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The second picture in the series is called “The Arcadian or Pastoral State”. It also establishes a correspondence between the economy of a people, their way of life, and their architecture.  It depicts sheepherders on land very similar to that shown in the first picture but the land is partly cleared and people are walking down rough paths. Cole makes a reach to find the appropriate housing for these people. He uses a version of Stonehedge that is not a religious site or an astronomical laboratory, which is the way we think about it. Rather, it is a home because smoke is coming out of a stone roof. As in “The Savage State”, the emotions elicited by the portrayal of these two primitive times is eerie rather than Edenic. That is because there is no religion in either of those stages of human civilization, no little statues or temples as might be found in Poussin or as seem to have littered the roadsides of Biblical Israel, it always being a problem how to suppress local gods and replace them with the God of the Temple in Jerusalem. The eeriness of the two scenes is also conveyed by the places being captured in dark tones, as if the sun never came out.

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The third picture in the series, “The Consummation of Empire”, is entirely different. It is not at all eerie, what it portrays seen in full sunlight. It is the apex of a civilization patterned on that of Ancient Rome. It takes place within an architectural fantasy partly borrowed from Claude Lorraine. In the foreground is a bridge with many people and activities going on. This horizontal structure is contrasted to a centrally placed vertical statue. The lagoon in the background has architectural interest because there are two half bridges which reach from either side so as to leave room for ships to pass and yet serve as barriers so that the waters of the inner harbor will be more calm. So we have a prosperous port, the wealth of the place shown by the food and textiles that adorn the bridge and the built up places on the shore. This is no utopia because there is no sense that there is a perfected social order, only that togaed people live amidst abundance and with wonderful and clean, mostly purely white, structures at which to look. The people live well; they have a maritime culture; their architecture is grand. And so the three factors of social life seen before also complement one another in this new state, the land itself becoming ever less important, and so this civilization perhaps able to sustain itself indefinitely, having freed itself from nature and so subject only to the ravages that can be brought on by civilization itself.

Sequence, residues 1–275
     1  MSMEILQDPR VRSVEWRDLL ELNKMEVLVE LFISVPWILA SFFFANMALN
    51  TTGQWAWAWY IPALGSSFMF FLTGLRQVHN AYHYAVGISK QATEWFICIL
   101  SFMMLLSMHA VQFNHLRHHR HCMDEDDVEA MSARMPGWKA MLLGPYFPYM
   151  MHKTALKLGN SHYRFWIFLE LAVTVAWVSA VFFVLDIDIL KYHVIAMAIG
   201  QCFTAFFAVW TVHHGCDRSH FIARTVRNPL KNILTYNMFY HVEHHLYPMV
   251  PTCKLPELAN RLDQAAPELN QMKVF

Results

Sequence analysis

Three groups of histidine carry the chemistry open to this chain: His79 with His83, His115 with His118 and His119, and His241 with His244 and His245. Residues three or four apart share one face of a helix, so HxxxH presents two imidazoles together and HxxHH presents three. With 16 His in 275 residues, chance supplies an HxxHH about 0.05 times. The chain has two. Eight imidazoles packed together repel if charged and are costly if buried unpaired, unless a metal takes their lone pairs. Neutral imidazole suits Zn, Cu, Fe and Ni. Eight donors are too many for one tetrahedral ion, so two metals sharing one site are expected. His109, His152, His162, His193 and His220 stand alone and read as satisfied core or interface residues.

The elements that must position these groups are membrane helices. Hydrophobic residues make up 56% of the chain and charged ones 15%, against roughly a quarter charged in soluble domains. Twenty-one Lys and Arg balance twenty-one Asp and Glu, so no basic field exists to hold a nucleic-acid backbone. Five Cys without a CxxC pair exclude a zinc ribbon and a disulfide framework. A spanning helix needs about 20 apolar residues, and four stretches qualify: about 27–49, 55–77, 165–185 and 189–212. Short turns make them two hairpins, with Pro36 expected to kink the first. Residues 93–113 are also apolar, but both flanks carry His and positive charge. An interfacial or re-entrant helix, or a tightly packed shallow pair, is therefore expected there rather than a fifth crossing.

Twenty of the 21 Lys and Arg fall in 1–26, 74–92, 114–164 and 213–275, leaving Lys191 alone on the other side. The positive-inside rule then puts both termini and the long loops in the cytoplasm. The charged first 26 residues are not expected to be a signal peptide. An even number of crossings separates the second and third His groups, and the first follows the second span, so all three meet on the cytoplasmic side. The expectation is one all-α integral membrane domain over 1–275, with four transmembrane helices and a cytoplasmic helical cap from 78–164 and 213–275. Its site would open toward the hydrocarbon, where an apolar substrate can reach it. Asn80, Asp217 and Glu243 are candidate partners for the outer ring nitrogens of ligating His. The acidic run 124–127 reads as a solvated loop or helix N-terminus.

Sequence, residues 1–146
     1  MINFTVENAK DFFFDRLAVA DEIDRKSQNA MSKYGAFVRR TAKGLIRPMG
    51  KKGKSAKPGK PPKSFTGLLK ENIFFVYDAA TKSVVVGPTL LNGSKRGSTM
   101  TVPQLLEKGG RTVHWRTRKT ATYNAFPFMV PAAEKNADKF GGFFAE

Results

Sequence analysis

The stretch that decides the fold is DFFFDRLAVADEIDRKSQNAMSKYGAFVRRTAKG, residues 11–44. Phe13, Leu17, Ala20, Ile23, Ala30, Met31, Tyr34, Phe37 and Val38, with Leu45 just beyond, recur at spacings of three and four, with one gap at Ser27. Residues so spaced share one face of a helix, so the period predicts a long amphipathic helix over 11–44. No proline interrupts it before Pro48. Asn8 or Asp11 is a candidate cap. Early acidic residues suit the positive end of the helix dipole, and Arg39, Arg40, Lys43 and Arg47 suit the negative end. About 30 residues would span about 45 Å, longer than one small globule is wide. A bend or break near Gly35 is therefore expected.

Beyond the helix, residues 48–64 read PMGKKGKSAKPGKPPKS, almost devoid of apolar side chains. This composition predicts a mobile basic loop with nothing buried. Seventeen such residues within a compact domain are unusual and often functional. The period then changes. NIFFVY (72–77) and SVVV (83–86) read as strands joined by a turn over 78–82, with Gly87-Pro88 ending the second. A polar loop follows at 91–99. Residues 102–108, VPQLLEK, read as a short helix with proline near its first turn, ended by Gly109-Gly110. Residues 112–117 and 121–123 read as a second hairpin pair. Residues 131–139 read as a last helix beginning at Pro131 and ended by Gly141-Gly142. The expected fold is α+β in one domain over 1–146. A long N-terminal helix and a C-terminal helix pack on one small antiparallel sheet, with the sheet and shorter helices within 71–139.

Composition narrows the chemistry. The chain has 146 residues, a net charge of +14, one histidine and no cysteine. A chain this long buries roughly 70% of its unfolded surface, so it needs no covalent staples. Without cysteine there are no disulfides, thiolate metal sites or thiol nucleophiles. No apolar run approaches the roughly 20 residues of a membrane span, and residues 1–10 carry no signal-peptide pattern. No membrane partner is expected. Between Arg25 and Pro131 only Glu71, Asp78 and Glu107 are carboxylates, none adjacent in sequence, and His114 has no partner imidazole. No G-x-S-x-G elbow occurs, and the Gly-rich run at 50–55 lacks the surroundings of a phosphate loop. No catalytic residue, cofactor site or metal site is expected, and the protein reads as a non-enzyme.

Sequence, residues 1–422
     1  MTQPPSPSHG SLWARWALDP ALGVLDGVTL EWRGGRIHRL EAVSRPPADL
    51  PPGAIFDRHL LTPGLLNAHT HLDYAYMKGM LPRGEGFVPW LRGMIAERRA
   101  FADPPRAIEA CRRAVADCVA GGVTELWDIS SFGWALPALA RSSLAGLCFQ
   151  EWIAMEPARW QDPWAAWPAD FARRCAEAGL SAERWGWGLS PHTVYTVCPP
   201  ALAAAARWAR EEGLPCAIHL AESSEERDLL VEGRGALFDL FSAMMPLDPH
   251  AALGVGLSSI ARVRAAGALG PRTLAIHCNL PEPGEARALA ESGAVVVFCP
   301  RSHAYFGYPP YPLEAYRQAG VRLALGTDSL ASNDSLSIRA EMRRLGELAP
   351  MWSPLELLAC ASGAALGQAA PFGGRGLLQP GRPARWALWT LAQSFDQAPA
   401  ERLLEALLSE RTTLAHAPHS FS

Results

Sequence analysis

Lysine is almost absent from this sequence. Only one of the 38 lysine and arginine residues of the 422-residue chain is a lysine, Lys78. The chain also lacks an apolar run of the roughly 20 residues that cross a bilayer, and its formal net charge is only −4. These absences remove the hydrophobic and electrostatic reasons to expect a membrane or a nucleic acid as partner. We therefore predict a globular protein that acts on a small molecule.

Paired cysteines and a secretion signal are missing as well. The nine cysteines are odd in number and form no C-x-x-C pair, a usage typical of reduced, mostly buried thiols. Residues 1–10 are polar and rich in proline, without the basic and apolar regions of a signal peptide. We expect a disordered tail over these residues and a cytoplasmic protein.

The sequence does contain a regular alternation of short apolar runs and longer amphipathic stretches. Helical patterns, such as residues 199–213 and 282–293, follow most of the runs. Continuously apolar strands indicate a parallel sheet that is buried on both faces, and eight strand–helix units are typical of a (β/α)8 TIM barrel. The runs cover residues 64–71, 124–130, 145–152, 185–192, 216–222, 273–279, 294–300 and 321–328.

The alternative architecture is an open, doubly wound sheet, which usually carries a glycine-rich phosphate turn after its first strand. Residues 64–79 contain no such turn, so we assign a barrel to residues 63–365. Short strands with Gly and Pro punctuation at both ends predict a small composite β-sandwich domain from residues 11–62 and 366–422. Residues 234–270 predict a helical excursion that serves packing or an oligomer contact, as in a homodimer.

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That is where Gibbon comes in, history now composed of the deeds of particular men rather than of the types of men, those anonymous peoples, who made up pre-history. Anthropology is replaced by history as that is rightly understood as the intersection of particular individuals with their specific circumstances rather than groups of people living in their general circumstances. And yet Cole does his own turn on the Gibbon view of history because there is no slow decline to his empire, as Gibbon laid out the line of ill fortuned emperors with which Rome was beset. Rather, the destruction of Cole’s empire comes all at once, in a catastrophe which engulfs his imperial city in flames, people fleeing their pleasures, the fire created, perhaps, by the people in the boats that may be invasion vehicles but could also be seen as rescue vessels coming to save who they can. The scene captures a cataclysm by no means supernatural that has befallen these people, people falling off a broken bridge, fire everywhere, headless statues. The end has come but the ending is not yet over.